Sherburne officials to ask Great River Energy for more time and larger counties nearby to commit to waste tonnage
Sherburne County Commissioners on Oct. 15 reviewed Great River Energy’s latest revision of the Elk River Resource Recovery Project, which includes a two-year bridge to make a final binding decision.
Commissioners, however, concluded at their work session they need more time to make a decision — for at least two reasons. They need to further vet the risks and they need to get Hennepin and Anoka counties back to the table and talking about a commitment.
“We’re out of our league,” Commissioner Felix Schmiessing said. “We’re not the lug nut that holds this together. I don’t think we’re in a position to do it.”
For the garbage burning operation to be successful there’s need for 305-320,000 tons of municipal solid waste annually to make the venture worthwhile.
Anoka County has pulled back from the discussions, noting that without Hennepin County committing a certain amount of waste for a certain amount of time there’s no way they can even consider the most recent proposal, according to Anoka County Administrator Jerry Soma.
Sherburne County officials haven’t given up hope on getting to two biggest public players back to the table, but time is not on their side.
“Time is the biggest concern,” Dolan said.
Great River Energy’s board of directors voted on July 12 to pursue a parallel path of either selling the Elk River Resource Recovery Project to Anoka, Hennepin and Sherburne counties or closing the doors of the operation. Great River Energy intends to terminate its operation by mid-January 2019, allowing for proper notification to haulers.
The Resource Recovery Project keeps municipal waste out of landfills, employs about 85 people and contributes to the county’s tax base.
GRE has a Nov. 15 deadline for counties to formally agree to purchase the operation. This would trigger GRE to cancel a closure notice sent to haulers.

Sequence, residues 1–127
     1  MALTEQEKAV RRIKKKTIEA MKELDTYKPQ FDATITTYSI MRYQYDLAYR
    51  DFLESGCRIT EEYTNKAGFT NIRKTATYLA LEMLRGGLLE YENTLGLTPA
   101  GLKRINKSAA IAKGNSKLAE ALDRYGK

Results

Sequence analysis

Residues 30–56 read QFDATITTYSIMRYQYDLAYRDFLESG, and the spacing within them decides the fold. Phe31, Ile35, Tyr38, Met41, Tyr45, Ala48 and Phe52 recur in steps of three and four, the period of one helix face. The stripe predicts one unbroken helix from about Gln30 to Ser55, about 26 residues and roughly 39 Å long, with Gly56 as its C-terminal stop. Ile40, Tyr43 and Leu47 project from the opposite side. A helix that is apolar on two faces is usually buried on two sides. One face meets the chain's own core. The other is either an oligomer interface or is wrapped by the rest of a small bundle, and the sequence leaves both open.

On the heels of that is a deadline calling for the counties and Great River Energy to reach a final purchase and initial operations agreements.
The latest proposal by GRE stipulates it would operate the facilities through Dec. 31, 2020, through a two-year purchase and transition agreement.
For $1 ownership of Energy Recovery Station, Resource Processing Plant and the Becker Ash Landfill would be transferred over time. GRE would create a limited liability corporation to transition employees for seamless continued operations and maintenance.
The other big carrots are that GRE would retain responsibility for the Energy Recovery Station’s closure at a cost of $4.5 million and employee severance of $4 million until Dec. 31, 2020, in the event a deal wasn’t reached.
GRE would also enter into a two-year power purchase agreement with the county for $29/MWh to manage MISO market risk (estimated at $860,000 a year over market value).
The Elk River firm and the county would agree to a two-year transition agreement to manage, operate and maintain the facilities with a variable management fee of $1 million to $2.5 million.
In the event the operation is wildly successful, GRE would like to share in the profits.
County officials suggest this would be fine, but one of the first hurdles it presents is there’s no guarantee that 305 to 320,000 tons of waste would be brought to be processed. This is what is needed for the project to cash flow under county ownership.